It is an axiomatic fact that, irrespective of the meaning attached to the idea of “strong organizational culture” and of the effects culture may or may not produce upon individual productivity, a consistent and clear corporate culture enabling employers to inspire integrity, elicit positive feelings about the organizational attributes, support the business values and foster the behaviour considered as appropriate by the employer invariably assumes a remarkable significance.
To be able to assess and judge whether other individuals properly fit a business’ culture, the assessors must clearly deeply and thoroughly know and understand it. The concept and content of corporate culture cannot be hence vague, but has to be appropriately and unambiguously developed and formulated.
The measurement of something is habitually associated with the need to compare the effects yielded by two different processes over the same period of time or to assess whether, and eventually to what degree, the same phenomenon has evolved over time. Measurement enables thus employers to assess and determine the rate a specific variable increases or decreases with the passage of time and to make effective comparisons of the internal variables with the equivalents of different companies. Comparing a business turnover and sales volume over a determined period of time against the same data recorded by competitors, for instance, definitely represents a widespread and useful exercise.
According to the Whittington and Dewar (2009) size-number rate tenet, smaller organizations should have weaker cultures in that “when there are few people in the organization … then it’s likely the organizational culture will also be weak, lacking consistency and pervasiveness.” In contrast, it could be argued that in small organizations, thanks to the reduced number of individuals working within it, the founders could find it easier to foster and endorse the values and beliefs which these want to underpin their concern’s culture. Yet, this depends on the visibility which strong influencers have or otherwise within a business. In some extremely large organizational contexts, for instance, the presence of strong leaders might risk going unnoticed or noticed by just a very few employees.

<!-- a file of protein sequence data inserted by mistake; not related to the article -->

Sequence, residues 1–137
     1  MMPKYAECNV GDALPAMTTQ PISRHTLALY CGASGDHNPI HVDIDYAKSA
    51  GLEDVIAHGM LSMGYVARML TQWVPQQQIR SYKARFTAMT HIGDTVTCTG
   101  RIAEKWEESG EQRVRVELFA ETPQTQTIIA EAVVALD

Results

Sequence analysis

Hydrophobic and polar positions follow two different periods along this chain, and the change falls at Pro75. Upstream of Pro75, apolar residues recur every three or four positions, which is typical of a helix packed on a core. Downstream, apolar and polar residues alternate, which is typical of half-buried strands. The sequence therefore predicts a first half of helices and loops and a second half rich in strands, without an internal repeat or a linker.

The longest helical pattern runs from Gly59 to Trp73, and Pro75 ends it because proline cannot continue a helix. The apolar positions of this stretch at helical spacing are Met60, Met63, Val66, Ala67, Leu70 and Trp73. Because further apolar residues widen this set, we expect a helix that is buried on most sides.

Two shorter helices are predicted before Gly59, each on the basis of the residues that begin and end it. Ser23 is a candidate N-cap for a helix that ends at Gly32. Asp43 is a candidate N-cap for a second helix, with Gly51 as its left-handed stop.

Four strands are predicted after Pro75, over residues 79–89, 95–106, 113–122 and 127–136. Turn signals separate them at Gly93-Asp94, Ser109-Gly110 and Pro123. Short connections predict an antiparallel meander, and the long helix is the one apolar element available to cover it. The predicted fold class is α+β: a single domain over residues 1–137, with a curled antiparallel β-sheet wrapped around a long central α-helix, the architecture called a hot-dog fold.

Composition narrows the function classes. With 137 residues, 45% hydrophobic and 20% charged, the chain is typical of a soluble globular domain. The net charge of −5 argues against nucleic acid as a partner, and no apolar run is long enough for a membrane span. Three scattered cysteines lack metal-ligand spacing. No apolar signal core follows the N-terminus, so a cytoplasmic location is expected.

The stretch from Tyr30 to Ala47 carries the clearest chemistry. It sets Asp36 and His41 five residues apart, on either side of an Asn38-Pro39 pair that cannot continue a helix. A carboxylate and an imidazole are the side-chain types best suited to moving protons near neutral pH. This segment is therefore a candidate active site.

Identifying strong influencers
within an organization is particularly significant for employers in that these
can reveal to be valuable allies or fierce enemies during the implementation of
cultural change. The accurate observation of the behaviour exhibited by strong
influencers can also help employers to assess and identify the behaviour which
can be considered as negative and positive within the organization and, to some
extent, to even better asses and categorize organizational culture.